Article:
Improvements in automated data analysis technologies are anticipated to supplement the manual inspection, physical and x-ray testing that are the current industry standard. Additional automation will see increased error reduction and provide cost efficiencies.
Other, more high-level technological innovations affect the fundamentals of tire design and plant operation. The pursuit of total automation continues, as illustrated by the “advanced” or “smart” manufacturing initiatives (also known as Industry 4.0), and pioneering of artificial intelligence at select Bridgestone facilities. Digital tire modelling promises to accelerate tire development and optimize the balance between the three points of the Magic Triangle. RFID and sensor technology are already well integrated into manufacturing and logistics but continued improvements are expected to lead to lifetime traceability and data management and the development of a truly ‘intelligent’ consumer tire.
Tire supplier activity
The changes in tire materials and designs, the need for greater efficiencies and the development of appropriate and advanced tire process machinery is helping sustain and grow capital spending by tire companies across the globe. This is in addition to the need to optimize and update capacity to be closer to key customers and markets. Overall, the global tire industry is spending approximately $13.4 billion on plant and equipment in 2016, and is expected to grow the figure through 2022 to keep pace with changes in the tire industry. This will happen both in manufacturing technologies, and in terms of end use and regional demand growth
The top echelon of tire producers has been relatively stable in recent years; but mergers and acquisitions have contributed a great deal to the advancement and standardization of production systems over the past several decades. This culminated in the recent acquisitions of Pirelli by ChemChina and CGS/Mitas by Trelleborg. There is likely to be future activity of this kind, as companies seek manufacturing and distribution efficiencies, R&D capacity, and improved market access. This will further spread and accelerate the diffusion of manufacturing evolutions across end-use sectors and geographic regions.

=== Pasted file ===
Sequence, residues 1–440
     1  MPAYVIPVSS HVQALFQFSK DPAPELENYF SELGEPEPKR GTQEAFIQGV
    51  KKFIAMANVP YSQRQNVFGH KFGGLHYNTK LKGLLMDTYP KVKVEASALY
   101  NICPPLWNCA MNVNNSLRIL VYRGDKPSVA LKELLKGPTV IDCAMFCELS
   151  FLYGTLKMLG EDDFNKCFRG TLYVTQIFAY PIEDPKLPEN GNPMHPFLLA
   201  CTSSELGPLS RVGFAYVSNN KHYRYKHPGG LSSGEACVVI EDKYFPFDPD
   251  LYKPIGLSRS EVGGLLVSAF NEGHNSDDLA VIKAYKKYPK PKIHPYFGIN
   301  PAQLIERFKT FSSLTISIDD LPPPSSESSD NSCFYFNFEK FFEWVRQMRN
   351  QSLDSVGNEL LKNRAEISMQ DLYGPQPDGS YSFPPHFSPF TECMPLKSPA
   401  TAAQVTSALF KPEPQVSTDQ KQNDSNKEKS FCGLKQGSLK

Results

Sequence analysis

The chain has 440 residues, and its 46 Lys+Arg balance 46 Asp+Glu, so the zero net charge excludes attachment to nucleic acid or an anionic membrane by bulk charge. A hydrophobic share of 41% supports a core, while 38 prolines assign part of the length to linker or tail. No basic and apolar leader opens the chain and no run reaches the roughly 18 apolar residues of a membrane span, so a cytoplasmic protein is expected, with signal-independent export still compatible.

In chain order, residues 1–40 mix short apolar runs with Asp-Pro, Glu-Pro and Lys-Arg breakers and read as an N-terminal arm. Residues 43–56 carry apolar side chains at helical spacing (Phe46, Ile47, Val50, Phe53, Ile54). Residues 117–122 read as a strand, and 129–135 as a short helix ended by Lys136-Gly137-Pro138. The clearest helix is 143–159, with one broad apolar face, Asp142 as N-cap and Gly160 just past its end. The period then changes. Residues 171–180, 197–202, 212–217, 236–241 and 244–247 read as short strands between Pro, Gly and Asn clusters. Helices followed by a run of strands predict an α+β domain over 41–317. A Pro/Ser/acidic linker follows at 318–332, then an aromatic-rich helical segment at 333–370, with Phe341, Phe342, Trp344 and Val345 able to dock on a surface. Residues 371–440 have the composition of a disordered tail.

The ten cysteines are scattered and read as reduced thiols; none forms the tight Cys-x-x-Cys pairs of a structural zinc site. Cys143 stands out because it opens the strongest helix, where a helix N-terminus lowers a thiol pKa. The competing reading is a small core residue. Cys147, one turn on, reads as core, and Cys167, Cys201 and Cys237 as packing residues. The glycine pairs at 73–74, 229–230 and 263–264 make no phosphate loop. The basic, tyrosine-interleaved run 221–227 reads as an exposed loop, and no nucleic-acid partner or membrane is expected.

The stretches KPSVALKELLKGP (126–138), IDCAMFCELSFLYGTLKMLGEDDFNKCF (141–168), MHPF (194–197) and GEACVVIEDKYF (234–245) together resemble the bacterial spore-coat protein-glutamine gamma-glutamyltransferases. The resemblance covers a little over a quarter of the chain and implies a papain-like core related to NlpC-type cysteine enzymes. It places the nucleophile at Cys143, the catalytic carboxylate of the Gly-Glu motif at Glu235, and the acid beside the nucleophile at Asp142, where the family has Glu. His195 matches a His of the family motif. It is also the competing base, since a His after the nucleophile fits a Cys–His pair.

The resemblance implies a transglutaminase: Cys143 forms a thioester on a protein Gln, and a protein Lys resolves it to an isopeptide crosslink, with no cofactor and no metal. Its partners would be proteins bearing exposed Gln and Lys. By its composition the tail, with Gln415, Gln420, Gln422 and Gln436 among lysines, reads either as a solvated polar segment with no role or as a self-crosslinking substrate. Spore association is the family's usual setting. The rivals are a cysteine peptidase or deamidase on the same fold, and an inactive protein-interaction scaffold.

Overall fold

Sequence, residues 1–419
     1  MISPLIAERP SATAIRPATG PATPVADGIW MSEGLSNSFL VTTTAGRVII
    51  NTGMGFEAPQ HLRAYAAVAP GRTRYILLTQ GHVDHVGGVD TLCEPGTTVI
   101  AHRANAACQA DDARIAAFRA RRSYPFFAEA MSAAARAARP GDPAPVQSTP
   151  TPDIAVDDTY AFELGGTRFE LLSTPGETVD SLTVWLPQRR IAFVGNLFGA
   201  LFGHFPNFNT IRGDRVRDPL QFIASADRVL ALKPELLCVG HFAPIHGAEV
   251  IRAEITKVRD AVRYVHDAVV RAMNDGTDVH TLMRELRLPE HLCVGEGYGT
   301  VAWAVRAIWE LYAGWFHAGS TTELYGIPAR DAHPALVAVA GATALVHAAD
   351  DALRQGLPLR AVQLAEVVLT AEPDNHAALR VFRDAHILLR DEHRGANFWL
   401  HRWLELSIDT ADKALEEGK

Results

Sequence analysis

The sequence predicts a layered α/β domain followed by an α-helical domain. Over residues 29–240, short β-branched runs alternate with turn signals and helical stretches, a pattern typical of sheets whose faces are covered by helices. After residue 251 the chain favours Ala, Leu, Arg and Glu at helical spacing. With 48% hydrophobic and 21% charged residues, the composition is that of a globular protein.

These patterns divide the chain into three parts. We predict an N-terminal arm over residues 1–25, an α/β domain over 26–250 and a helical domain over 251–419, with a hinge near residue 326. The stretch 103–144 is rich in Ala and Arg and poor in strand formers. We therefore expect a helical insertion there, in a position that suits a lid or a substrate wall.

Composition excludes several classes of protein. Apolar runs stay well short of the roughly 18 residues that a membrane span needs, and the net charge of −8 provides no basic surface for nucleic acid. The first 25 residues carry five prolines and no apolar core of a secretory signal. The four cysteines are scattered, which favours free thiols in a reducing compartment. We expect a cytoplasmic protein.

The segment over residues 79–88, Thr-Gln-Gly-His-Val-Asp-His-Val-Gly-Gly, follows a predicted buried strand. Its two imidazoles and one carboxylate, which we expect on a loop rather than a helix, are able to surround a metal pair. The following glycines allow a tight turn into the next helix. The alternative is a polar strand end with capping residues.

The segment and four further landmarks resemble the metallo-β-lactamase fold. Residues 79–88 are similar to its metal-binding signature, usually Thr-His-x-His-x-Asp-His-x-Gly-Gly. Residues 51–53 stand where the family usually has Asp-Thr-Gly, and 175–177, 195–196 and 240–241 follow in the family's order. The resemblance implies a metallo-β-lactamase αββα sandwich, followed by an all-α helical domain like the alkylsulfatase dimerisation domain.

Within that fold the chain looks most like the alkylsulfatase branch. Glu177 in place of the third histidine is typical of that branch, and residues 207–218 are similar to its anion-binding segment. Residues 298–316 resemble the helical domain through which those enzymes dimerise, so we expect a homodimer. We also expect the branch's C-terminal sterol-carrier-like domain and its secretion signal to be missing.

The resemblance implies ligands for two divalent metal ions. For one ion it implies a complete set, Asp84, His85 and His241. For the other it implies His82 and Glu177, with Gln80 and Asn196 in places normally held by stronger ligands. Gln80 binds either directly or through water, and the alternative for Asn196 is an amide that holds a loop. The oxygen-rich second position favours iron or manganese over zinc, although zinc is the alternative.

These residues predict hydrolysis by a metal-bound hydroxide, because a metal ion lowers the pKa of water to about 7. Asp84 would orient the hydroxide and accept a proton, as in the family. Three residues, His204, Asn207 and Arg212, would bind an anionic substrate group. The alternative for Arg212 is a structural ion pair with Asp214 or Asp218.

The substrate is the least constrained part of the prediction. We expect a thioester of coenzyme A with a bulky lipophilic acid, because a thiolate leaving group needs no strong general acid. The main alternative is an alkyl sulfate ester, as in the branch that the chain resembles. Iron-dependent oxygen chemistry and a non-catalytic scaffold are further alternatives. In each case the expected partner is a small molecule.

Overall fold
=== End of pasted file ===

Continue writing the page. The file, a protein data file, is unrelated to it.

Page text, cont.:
For logistical and commercial reasons, tire manufacturers often establish local factories in their most important sales areas. Raw material prices are very similar all over the world, but labour and energy costs vary by region or country. Producers are increasingly finding that proximity to major customers, whether vehicle OEMS or even replaces tire buyers – e.g. motorists– can be advantageous.
Asia-Pacific continues to be the leading region in terms of capacity, production, demand, exports, and growth prospects. This is driven by the enduring ascendance of the Chinese market as well as potential technology breakthroughs, like liquid phase mixing, that may boost the country’s competitiveness. In Japan, Bridgestone is pioneering the deployment of artificial intelligence in tires.
Europe is the second-largest producing region, and remains critically important as a technology and value-added/advanced manufacturing leader. Despite some doubts about the future of the EU, the region is likely to continue to lead the way on regulation – specifically with regards to labelling – and manufacturing standards.
North America is another mature market, but has become a magnet for foreign investment in local capacity. Kumho’s long-delayed but highly anticipated automated plant in Georgia is a good example.
Central and South America is primarily a tire consuming area, but is still the target of new manufacturing investment. This is also true of the Middle East and Africa, where the opening of post-sanctions Iranian market appears underway and stabilizing oil prices may promote the tire market in oil-producing states, despite ongoing fears of regional instability.
These trends are examined, qualified and quantified in depth, new in the Smithers Rapra market report The Future of Tire Manufacturing 2022.